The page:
Background: With increased computed tomography (CT) utilization, clinicians may simultaneously order head and neck CT scans, even when injury is suspected only in one region.
Objective: We sought to determine: 1) the frequency of simultaneous ordering of a head CT scan when a neck CT scan is ordered; 2) the yields of simultaneously ordered head and neck CT scans for clinically significant injury (CSI); and 3) whether injury in one region is associated with a higher rate of injury in the other.
Methods: This was a retrospective study of all adult patients who received neck CT scans (and simultaneously ordered head CT scans) as part of their blunt trauma evaluation at an urban level 1 trauma center in 2013. An expert panel determined CSI of head and neck injuries. We defined yield as number of patients with injury/number of patients who had a CT scan.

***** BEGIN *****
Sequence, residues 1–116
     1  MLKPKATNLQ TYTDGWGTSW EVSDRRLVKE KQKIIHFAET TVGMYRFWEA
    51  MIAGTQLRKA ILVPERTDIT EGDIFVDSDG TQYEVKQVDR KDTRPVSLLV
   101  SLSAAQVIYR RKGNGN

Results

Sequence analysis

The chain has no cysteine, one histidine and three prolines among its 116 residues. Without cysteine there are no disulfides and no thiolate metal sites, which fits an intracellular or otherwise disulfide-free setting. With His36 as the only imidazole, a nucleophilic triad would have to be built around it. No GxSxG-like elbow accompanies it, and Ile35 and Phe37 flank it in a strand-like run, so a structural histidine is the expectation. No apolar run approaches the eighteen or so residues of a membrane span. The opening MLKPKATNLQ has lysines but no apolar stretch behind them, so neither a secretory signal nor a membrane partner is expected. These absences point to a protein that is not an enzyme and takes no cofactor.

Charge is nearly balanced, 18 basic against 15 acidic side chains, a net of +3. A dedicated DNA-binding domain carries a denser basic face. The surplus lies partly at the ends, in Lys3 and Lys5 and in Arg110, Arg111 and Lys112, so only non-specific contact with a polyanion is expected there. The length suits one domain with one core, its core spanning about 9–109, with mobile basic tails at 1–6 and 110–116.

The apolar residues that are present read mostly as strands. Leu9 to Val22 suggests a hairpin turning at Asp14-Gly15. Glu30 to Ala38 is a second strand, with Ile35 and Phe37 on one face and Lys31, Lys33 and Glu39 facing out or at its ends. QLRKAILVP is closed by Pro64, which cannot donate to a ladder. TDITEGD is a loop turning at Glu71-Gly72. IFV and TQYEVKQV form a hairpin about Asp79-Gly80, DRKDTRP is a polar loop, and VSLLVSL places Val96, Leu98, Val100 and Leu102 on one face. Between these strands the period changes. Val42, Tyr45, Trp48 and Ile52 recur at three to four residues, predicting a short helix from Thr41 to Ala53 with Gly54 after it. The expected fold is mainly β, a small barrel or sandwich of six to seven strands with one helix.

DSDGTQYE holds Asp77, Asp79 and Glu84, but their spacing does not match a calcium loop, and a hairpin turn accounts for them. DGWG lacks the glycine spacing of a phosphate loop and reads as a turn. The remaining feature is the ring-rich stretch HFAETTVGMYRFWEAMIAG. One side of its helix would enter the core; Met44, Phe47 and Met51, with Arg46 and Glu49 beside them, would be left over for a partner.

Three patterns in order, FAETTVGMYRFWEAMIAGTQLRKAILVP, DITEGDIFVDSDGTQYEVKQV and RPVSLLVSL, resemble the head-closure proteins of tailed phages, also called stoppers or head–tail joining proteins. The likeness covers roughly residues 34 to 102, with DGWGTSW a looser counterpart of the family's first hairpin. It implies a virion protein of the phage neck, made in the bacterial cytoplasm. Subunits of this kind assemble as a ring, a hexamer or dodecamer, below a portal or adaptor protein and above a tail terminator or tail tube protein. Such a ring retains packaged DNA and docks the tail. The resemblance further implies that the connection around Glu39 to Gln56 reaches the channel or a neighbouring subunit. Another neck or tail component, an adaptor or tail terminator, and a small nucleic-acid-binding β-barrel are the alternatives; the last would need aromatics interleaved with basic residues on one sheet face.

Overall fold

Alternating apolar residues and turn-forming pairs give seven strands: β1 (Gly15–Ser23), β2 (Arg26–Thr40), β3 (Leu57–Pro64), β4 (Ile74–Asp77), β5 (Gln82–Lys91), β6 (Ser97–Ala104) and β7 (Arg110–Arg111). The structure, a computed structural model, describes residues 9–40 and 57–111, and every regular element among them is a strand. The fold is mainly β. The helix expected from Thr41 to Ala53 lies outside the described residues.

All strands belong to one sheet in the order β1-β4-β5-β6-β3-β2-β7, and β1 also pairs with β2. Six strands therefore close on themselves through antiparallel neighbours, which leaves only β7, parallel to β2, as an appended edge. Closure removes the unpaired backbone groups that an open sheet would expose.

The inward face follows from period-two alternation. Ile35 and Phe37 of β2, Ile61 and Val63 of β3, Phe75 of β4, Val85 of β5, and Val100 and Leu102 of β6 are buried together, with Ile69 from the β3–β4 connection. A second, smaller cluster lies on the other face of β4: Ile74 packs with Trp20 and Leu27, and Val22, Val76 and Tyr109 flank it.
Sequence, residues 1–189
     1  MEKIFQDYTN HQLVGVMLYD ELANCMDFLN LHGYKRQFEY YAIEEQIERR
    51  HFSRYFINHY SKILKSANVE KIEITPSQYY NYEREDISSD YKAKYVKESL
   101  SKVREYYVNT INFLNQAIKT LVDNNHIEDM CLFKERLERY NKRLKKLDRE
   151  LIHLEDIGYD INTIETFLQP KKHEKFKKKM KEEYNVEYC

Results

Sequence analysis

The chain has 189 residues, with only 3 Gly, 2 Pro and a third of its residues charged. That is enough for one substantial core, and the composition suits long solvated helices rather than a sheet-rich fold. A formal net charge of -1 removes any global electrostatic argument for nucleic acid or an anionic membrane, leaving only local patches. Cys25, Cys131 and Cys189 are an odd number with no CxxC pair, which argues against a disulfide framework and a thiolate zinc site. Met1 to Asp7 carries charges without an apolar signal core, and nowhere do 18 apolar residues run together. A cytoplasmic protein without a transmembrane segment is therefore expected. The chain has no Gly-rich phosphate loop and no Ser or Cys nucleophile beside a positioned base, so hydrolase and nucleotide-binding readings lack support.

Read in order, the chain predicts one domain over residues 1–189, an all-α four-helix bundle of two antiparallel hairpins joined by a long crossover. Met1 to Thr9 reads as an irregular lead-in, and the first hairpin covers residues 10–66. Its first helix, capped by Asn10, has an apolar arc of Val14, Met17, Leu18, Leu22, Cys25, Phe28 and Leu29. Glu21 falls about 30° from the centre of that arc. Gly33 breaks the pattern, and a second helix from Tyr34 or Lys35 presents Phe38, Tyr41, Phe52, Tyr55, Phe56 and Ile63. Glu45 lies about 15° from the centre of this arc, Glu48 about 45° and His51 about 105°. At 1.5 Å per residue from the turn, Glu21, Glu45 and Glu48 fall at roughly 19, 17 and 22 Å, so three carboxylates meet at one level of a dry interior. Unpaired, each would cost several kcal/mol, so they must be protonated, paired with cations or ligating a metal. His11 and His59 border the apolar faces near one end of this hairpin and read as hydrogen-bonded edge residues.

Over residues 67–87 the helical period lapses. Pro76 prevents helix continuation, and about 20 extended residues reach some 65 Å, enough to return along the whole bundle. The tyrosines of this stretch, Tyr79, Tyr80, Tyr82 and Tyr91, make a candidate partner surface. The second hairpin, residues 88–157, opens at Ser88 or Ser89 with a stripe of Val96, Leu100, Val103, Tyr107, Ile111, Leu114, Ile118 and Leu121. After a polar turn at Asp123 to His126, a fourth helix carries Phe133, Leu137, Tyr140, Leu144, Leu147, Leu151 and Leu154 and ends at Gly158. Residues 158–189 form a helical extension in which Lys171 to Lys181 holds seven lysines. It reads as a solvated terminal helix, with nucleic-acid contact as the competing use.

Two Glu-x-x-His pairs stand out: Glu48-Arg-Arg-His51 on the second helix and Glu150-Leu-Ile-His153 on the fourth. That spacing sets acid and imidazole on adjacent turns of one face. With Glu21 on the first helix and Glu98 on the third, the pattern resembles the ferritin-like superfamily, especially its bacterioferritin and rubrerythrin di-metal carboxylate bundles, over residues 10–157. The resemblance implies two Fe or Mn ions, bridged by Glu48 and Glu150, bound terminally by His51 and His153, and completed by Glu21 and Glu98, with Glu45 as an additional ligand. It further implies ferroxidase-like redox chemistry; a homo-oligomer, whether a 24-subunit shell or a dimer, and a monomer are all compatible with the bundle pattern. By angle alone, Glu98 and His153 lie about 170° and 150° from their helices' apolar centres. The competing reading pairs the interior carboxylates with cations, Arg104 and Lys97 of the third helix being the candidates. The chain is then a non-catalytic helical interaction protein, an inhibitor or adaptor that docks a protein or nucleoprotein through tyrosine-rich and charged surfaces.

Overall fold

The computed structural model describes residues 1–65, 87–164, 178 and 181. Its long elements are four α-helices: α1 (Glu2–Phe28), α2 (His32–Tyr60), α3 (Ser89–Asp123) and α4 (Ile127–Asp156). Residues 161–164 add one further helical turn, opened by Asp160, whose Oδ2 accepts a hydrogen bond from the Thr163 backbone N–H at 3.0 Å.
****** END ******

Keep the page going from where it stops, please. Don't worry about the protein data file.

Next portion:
Results: Of 3223 patients who met inclusion criteria, 2888 (89.6%) had simultaneously ordered head and neck CT scans. CT yield for CSI in both the head and neck was 0.5% (95% confidence interval [CI] 0.3-0.8%), and the yield for any injury in both the head and neck was 1.4% (95% CI 1.0-1.8%). The yield for CSI in one region was higher when CSI was seen in the other region.
Conclusions: The yield of CT for CSI in both the head and neck concomitantly is very low. When injury is seen in one region, there is higher likelihood of injury in the other. These findings argue against paired ordering of head and neck CT scans and suggest that CT scans should be ordered individually or when injury is detected in one region.
Keywords: cervical spine CT; head CT; pan-scan; trauma; yields.
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